This section describes the four basic Prolog predicates used to control XPCE from Prolog. These four predicates map onto the basic functions of XPCE's virtual machine: creating, destroying, manipulating and querying objects, the basic entities of XPCE.
For those not familiar with this jargon, an object is an entity with a state and associated procedures, called methods. Objects may represent just about anything. In XPCE's world there are objects representing a position in a two-dimensional plane as well as an entire window on your screen. Each object belongs to a class. The class defines the constituents of the state as well as the procedures associated with the object. For example, a position in a two-dimensional plane is represented by an object of class point. The state of a point object consists of its X- and Y-coordinates. A point has methods to set the X- and Y-coordinate, mirror the point over a reference point, compute its distance to another point, etc.
(new(?Reference, +NewTerm)) creates an object in the XPCE
world and either assigns the given reference to it or unifies
the first argument with a XPCE generated reference.
An (object-) reference is a unique handle used in further communication
with the object. Below are some examples (
?- is the Prolog
1 ?- new(P, point(10,20)). P = @772024 2 ?- new(@demo, dialog('Demo Window')).
The first example creates an instance of class point from the arguments `10' and `20'. The reference is represented in Prolog using the prefix operator @/1 . For XPCE generated references the argument of this term is a XPCE generated integer value. These integers are guaranteed to be unique. The second example creates a dialog object. A dialog is a window that is specialised for displaying controllers such as buttons, text-entry-fields, etc. In this example we have specified the reference. Such a reference must be of the form @Atom. XPCE will associate the created object with this reference.1Normal applications use almost exclusively XPCE generated references. Many of the examples in this manual are typed from the terminal and Prolog specified references are easier to type.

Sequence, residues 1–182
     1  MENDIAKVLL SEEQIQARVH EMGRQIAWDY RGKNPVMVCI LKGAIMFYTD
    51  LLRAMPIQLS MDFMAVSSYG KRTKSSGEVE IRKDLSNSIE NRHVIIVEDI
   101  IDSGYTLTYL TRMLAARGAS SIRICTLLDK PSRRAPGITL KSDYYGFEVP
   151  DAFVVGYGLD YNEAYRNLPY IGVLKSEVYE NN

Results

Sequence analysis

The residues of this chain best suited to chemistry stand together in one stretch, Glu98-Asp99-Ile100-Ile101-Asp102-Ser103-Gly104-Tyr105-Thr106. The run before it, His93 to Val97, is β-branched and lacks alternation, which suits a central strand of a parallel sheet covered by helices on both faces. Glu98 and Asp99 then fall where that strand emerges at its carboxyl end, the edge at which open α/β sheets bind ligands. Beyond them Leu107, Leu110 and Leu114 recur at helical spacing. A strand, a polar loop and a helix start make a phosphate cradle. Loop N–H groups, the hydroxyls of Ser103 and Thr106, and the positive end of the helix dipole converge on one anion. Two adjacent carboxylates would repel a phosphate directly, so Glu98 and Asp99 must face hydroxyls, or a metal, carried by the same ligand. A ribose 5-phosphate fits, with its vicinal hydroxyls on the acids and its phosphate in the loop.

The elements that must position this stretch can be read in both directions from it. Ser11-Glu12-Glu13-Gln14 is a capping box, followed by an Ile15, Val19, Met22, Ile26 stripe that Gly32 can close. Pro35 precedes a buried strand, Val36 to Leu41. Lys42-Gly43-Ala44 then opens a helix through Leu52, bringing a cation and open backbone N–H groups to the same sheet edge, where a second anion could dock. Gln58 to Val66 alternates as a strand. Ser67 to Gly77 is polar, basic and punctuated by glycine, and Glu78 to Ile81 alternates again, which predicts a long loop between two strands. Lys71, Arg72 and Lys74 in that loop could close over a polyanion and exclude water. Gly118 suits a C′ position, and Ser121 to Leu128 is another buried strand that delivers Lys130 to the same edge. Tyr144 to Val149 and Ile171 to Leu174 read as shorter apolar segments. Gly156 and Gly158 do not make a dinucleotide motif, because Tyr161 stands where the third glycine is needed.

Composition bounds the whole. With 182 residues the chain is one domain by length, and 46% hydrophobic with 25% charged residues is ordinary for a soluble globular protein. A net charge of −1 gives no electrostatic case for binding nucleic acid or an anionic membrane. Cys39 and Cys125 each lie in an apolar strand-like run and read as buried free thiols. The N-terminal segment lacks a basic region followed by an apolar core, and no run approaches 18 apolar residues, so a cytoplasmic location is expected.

As illustrated by the examples above, the second argument to new/2 is a term. The principal functor denotes the name of the class of which an instance is created and the arguments are the initialisation parameters. The complete transformation rules are given in appendix D.
As stated before, an object has a state. At creation time, the initial state is defined by the class from which the object is created and the initialisation arguments. In our example, the point is assigned an x-value of 10 and and y-value of 20. The dialog is assigned the label `Demo Window'. A dialog window has many slots2The attributes of an object state are called slots. In other languages they may be called instance variables or fields. The example defines the `label'. All the other slots are set to the default value described in the class definition.
The state of an object may be manipulated using the predicate send/2 (send(+Receiver, +Selector(...Args...))). The first argument of this predicate is an object reference. The second is a term. The principal functor of which is the name of the method to invoke (selector) and the arguments are arguments to the operation.
3 ?- send(@772024, x(15)). 4 ?- send(@demo, append(text_item(name))).